Load Testing GoDaddy’s Managed WordPress Service

Earlier this December Kernl launched a closed beta of our WordPress load testing service. As part of that beta we’ve decided to run a series of load tests against some of the common managed WordPress hosting services.

GoDaddy was chosen as our first load test target for a few different reasons:

  • GoDaddy has been around for ages.
  • They offer a managed WordPress platform
  • They are fairly inexpensive for the service that they are offering.

How will providers be judged?

There are a number of different ways to judge a WordPress hosting provider. How reliable are they? Do they perform patches for you? What is their customer support like? How fast are they? For the purpose of our tests we’re focusing on raw speed under heavy load. We will only be judging the hosting providers on that metric. To test the speed of the hosting provider under heavy load we ran 3 tests:

  • The Small Test – 200 users, for 10 minutes, ramping up at a rate of 2 users per second. We did this test to check our configuration before we ran more intense load tests.
  • The Sustained Traffic Test – 2000 users, for 2 hours, ramping up at a rate of 2 users per second. This test was performed to see how GoDaddy’s WordPress hosting would perform under a sustained heavy load.
  • The Traffic Spike Test – 20000 users, for 1 hour, ramping up at a rate of 10 users per second. This test was used to determine how GoDaddy would handle lots of traffic coming in at once versus the slower ramp up of the sustained traffic test.

There was no configuration or tweaking done on the GoDaddy WordPress install. We simply imported the content of http://www.re-cycledair.com and started testing.

The GoDaddy WordPress Plan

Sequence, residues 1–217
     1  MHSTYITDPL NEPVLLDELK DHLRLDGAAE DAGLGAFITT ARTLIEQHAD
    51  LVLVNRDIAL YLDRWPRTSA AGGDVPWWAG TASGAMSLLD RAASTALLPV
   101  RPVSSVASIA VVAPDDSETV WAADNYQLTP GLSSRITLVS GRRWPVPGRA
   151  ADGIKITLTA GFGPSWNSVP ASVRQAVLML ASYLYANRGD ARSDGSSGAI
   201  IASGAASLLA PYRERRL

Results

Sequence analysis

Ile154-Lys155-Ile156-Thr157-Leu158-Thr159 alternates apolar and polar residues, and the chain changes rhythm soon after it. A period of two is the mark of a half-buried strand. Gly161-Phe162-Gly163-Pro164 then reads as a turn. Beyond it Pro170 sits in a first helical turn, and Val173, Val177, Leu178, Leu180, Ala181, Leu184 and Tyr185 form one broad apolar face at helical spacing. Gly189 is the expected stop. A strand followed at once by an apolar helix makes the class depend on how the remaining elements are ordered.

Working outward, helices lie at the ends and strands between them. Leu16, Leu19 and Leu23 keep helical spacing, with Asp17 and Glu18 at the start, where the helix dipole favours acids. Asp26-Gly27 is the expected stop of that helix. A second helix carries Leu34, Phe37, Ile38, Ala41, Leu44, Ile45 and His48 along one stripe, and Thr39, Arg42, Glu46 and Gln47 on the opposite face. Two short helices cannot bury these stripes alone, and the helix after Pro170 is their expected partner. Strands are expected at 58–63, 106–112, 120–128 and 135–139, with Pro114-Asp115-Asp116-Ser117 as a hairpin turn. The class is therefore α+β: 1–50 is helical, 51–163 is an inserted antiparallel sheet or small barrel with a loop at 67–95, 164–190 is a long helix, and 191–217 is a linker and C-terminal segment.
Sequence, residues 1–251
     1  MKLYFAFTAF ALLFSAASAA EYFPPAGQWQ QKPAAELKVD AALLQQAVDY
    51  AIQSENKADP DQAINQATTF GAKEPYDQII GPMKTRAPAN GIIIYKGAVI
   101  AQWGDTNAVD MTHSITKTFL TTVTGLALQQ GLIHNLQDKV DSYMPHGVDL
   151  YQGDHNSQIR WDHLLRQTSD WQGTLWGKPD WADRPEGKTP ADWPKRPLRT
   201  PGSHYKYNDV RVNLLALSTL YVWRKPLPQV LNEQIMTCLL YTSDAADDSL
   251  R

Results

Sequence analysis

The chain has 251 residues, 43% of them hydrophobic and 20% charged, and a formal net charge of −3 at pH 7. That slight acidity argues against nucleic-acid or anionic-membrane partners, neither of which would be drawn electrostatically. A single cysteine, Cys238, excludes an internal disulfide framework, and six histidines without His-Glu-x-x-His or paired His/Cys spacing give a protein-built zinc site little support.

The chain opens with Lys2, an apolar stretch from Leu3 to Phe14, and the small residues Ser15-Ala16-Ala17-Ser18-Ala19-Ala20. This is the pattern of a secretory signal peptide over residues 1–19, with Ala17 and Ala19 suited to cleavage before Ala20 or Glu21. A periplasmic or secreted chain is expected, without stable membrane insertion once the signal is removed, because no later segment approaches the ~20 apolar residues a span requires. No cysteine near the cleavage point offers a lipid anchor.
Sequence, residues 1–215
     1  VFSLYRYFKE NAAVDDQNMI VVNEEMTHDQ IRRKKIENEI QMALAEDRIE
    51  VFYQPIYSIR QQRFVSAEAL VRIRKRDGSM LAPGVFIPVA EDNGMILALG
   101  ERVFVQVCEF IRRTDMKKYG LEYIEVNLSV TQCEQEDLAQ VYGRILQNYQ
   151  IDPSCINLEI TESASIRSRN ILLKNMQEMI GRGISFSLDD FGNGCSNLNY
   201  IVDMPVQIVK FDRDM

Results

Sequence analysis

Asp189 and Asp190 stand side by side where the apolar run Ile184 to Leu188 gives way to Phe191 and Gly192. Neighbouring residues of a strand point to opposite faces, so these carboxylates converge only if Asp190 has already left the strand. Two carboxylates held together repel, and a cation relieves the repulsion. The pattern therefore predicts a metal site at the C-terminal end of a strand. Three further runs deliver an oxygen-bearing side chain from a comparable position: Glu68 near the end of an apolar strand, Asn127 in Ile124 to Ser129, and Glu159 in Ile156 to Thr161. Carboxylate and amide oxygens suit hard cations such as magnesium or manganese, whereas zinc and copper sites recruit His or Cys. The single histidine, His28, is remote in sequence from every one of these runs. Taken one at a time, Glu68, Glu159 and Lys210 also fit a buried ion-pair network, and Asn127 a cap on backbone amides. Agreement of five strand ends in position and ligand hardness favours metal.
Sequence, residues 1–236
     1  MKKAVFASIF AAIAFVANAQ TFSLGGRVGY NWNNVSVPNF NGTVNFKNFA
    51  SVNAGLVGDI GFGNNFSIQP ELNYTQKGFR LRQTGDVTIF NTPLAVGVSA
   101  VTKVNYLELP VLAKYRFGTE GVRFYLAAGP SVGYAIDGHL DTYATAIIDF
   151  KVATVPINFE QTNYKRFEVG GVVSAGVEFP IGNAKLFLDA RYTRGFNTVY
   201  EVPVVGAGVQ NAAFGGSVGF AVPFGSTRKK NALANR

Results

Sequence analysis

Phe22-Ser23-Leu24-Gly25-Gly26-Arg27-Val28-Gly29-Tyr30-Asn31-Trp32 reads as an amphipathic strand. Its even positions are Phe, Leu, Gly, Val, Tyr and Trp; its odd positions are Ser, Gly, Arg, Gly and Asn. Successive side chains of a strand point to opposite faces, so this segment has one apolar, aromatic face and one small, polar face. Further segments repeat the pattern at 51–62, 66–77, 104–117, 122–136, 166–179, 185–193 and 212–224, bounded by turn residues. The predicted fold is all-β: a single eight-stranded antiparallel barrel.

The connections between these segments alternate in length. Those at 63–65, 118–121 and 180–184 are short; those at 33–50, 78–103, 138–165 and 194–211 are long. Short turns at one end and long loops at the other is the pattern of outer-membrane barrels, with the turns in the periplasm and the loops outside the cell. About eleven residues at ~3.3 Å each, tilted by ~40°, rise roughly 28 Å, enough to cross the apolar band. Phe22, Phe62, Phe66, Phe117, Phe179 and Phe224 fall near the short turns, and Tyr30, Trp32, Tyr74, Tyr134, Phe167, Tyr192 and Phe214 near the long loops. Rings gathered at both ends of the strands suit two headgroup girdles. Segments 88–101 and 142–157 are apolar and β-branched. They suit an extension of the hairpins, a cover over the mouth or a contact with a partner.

An important part of this load test was which GoDaddy WordPress hosting plan was selected. As we’re going to try and do this across multiple different providers we’ve opted to go for plans based roughly on price. This plan was the “Deluxe Managed WordPress” plan that costs $12.99 / month.

GoDaddy WordPress Deluxe plan

Load Test Location

For these three load tests we generated traffic out of Digital Ocean’s SFO2 (San Francisco, CA, United States) data center.

The Small Test

200 concurrent users, 10 minutes, 2 user / sec ramp up, San Francisco

The requests graph represents the number of requests per second that the site under load is serving successfully. From the graph below, you can see that GoDaddy had no problem serving 200 concurrent users. After the ramp up completed things settled in at around 25 requests / second.

GoDaddy load testing - requests
GoDaddy WordPress Hosting – 200 concurrent users

The failure graph shows that during this load test there weren’t any reported failures.

GoDaddy load testing - failures
GoDaddy WordPress Hosting – 200 concurrent users

The final graph of the 200 concurrent user small test is the distribution graph. This is probably the most important part of these tests because it helps you understand what your end user experience will be like when your site is under heavy load.

GoDaddy load testing - distribution
GoDaddy WordPress Hosting – 200 concurrent users

To understand the graph select a column. We’ll look at the 99% column. Now read the value of the column (~600ms). You can now say that for this load test 99% of all requests finished in under 600ms. If you look at the 95% column you can see that the results are ~200ms which is pretty fantastic. The 100% column is almost always an outlier, but even in this case having 1% of requests finish between 500ms – 2200ms seems ok.

The Sustained Traffic Test

2000 concurrent users, 2 hours, 2 user / sec ramp up, San Francisco

The requests graph for the sustained traffic test yielded a nice curve. The traffic ended up leveling out at 252 requests / second. The transition along the curve was smooth and there weren’t any obvious pain points for request throughput during the test.